• Mon. May 27th, 2024

Cannabis enforcement deal is locked down in N.Y. State budget

Cannabis enforcement deal is locked down in N.Y. State budget

A legislative package boosting New York City in its battle against the estimated 2,500 unlicensed cannabis shops operating citywide has been secured in state budget negotiations, lawmakers said Wednesday.

The plan to fight illegal cannabis stores, one of the most closely watched policy elements in the state budget, would deploy a mix of tools. It would allow the city to use its Police Department to shutter illicit shops; empower the state to revoke tobacco, liquor and lottery licenses from unlicensed cannabis sellers; and establish new fines for retailers that violate padlock orders.

The package integrates blueprints proposed by legislators and Gov. Hochul. It represents a wide-ranging response by Albany to a problem that has often been laid at the Capitol’s doorstep: The rapid spread of unlicensed cannabis shops in the city, which has been spurred in part by the state’s sluggish system for licensing legal sellers. 

Based on government data, there could be 60 illegal cannabis stores for every legal retailer in the city. Many of the unlicensed shops target children and attract crime, according to officials.

“We’re sending a clear message that there will be zero tolerance for those who choose to break the law and endanger the well-being of all New Yorkers,” said Assemblyman John Zaccaro Jr., a Bronx Democrat who proposed the plan to revoke tobacco and liquor licenses from illicit pot shops.

Mayor Adams has made cannabis enforcement provisions one of his primary requests from Albany in the state budget. Negotiations on the budget have dragged more than two weeks past an April 1 deadline as Hochul and lawmakers have haggled on housing and education policy.

Hochul, a centrist Democrat, delivered an address Monday outlining a framework for a $237 billion budget deal. In her speech, she vowed the package would ensure that “both the state and localities will have the power to padlock the doors” of illicit cannabis vendors.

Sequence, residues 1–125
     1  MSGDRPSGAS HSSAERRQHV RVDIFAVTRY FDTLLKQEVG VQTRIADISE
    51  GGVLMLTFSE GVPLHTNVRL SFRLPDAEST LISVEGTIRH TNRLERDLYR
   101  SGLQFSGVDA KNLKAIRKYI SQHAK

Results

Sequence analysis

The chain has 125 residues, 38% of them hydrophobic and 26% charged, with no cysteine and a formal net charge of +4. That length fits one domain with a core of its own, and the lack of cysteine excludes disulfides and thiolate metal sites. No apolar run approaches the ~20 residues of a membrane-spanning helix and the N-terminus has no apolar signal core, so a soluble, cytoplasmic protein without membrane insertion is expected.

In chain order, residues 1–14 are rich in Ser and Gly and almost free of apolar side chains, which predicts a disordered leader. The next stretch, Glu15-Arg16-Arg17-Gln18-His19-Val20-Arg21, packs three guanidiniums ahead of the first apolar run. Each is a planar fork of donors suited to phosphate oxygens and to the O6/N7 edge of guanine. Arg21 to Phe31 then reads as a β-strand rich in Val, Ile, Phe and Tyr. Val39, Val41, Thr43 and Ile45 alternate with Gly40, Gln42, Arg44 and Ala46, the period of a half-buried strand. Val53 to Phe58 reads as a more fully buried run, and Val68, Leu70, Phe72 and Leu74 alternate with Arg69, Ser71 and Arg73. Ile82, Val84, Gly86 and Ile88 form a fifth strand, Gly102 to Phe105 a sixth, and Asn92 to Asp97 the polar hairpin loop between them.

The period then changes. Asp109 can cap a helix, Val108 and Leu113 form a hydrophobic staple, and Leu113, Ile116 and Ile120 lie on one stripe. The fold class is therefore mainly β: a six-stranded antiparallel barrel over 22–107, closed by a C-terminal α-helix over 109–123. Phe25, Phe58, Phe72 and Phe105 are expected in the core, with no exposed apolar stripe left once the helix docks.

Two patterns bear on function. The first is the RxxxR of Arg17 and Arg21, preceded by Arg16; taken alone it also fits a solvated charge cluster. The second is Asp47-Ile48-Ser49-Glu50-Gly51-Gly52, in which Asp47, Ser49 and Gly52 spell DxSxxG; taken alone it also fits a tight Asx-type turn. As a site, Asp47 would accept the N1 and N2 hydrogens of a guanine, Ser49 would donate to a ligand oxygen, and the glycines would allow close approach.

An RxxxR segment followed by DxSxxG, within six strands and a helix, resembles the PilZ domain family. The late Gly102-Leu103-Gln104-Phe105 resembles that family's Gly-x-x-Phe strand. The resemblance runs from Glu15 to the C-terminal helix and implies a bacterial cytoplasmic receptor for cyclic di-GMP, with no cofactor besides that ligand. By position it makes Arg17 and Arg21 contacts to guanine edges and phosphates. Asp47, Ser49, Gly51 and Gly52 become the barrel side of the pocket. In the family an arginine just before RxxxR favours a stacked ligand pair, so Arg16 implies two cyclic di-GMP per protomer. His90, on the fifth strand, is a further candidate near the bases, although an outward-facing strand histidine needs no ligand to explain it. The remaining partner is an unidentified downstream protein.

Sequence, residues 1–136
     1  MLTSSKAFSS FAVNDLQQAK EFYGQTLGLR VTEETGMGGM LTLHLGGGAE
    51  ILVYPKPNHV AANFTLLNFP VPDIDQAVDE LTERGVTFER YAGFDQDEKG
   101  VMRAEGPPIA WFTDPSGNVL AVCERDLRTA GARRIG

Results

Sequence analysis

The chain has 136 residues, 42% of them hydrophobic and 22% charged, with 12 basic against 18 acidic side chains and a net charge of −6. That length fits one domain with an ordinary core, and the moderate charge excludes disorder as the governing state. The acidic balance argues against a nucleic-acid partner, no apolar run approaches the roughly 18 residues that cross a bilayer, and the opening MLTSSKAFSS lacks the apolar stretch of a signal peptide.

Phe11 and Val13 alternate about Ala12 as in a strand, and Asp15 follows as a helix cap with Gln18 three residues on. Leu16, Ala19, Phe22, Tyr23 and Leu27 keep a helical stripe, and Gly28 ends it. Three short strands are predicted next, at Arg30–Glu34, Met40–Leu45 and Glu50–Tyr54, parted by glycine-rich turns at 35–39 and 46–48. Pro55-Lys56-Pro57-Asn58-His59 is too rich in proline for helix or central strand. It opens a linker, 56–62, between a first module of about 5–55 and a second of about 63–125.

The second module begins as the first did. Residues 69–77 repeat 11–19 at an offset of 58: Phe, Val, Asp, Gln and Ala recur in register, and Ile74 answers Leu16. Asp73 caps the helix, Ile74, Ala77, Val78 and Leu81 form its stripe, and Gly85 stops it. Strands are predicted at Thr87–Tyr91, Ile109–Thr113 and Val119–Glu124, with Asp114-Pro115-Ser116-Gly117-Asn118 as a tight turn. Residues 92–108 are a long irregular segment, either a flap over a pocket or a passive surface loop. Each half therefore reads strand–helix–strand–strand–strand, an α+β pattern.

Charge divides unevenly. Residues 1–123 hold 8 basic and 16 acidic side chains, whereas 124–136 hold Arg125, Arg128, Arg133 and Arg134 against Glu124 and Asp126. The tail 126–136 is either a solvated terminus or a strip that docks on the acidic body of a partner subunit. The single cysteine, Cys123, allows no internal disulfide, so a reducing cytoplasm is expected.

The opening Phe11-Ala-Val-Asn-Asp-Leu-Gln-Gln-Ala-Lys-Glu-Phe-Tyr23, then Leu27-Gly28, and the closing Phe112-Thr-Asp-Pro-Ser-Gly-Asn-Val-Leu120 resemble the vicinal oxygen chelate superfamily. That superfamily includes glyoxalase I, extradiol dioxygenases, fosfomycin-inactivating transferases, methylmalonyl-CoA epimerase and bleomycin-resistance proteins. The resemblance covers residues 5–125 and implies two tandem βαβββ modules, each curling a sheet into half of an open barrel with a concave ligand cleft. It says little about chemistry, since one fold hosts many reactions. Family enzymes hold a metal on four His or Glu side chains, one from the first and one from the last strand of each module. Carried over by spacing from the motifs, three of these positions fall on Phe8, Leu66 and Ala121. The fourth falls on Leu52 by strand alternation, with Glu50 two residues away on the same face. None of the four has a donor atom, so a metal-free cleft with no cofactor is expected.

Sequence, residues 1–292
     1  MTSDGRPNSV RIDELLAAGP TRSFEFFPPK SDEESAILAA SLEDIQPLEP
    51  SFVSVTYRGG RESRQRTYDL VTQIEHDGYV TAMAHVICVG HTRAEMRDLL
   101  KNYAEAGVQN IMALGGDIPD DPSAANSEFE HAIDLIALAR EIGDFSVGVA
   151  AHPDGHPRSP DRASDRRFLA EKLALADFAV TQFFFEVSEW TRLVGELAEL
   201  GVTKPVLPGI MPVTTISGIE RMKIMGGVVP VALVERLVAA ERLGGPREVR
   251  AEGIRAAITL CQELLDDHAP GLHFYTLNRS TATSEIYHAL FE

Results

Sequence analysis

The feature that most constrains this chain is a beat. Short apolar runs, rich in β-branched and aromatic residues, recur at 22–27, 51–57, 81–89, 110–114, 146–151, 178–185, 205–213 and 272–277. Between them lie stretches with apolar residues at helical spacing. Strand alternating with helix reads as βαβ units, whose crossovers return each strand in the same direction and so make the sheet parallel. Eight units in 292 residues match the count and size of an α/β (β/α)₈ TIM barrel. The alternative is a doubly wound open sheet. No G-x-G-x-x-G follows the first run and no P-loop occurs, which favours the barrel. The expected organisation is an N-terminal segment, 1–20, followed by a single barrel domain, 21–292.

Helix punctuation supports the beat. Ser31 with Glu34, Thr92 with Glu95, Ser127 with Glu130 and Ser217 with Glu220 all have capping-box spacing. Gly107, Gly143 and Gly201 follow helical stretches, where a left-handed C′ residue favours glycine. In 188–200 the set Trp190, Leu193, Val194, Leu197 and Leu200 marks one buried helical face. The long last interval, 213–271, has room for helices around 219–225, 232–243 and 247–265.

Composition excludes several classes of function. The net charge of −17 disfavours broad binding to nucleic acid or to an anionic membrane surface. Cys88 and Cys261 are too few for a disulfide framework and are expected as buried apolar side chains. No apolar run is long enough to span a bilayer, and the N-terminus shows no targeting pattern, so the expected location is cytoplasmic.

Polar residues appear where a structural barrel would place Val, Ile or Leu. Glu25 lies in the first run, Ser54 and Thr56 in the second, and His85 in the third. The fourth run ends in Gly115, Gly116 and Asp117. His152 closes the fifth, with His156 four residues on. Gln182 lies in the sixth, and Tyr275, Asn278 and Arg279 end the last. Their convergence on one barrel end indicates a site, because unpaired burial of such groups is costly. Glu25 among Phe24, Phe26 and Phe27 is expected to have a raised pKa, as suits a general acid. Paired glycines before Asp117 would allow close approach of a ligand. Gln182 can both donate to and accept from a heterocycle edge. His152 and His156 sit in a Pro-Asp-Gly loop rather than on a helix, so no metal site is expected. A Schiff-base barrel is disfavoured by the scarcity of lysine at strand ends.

“This is going to take some time,” the governor acknowledged. “They won’t disappear overnight, but eventually New Yorkers will see the change they’ve been waiting for in their communities.”

The mechanisms for the crackdown emerged Wednesday, as lawmakers engaged in internal talks about the plan. The program is also intended to provide due process for shops that are padlocked, ensuring those businesses receive swift hearings if they appeal.

Legislative text in the budget will allow landlords to more easily evict stores that sell cannabis without a license, and will penalize landlords who knowingly fail to address violating shops, Zaccaro said.

Assemblywoman Jenifer Rajkumar, a Queens Democrat who has pushed to enhance the city’s power to shutter the unlicensed  stores, said in a statement that the budget would mark a “huge victory for public safety, common sense and the health of our children.”

“New York City will finally have the authority to shutter illegal smoke shops immediately, and utilize the full force of the NYPD to get the job done,” she added.

State lawmakers are set to start passing budget legislation on Thursday, said Mike Whyland, a spokesman for the Assembly’s Democratic majority. But some issues — including a possible extension of mayoral control of schools in New York City — remained unsettled late Wednesday.

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